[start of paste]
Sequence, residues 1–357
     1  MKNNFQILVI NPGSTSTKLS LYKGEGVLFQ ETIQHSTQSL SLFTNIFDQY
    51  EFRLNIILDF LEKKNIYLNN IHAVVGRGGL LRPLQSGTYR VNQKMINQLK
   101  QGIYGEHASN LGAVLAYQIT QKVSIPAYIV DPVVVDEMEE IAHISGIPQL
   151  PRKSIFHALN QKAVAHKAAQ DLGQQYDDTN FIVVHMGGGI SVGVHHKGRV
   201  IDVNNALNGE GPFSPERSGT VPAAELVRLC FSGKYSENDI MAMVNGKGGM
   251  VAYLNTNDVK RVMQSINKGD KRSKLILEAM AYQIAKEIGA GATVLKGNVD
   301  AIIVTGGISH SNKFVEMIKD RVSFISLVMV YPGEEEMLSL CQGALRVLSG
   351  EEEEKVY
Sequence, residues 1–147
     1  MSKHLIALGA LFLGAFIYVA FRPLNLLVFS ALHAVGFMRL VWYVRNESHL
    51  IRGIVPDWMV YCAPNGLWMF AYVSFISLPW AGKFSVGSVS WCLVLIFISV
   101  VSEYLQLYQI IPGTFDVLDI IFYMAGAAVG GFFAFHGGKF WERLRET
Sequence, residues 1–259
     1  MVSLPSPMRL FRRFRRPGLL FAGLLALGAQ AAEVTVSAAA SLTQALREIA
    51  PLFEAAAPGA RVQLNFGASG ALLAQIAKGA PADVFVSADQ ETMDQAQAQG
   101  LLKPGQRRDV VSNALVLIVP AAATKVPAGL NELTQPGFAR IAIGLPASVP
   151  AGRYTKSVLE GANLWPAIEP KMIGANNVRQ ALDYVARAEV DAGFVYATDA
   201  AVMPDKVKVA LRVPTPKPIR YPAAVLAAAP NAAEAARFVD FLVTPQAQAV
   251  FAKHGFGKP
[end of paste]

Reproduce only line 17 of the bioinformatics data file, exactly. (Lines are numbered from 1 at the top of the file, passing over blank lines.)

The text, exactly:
   101  LLKPGQRRDV VSNALVLIVP AAATKVPAGL NELTQPGFAR IAIGLPASVP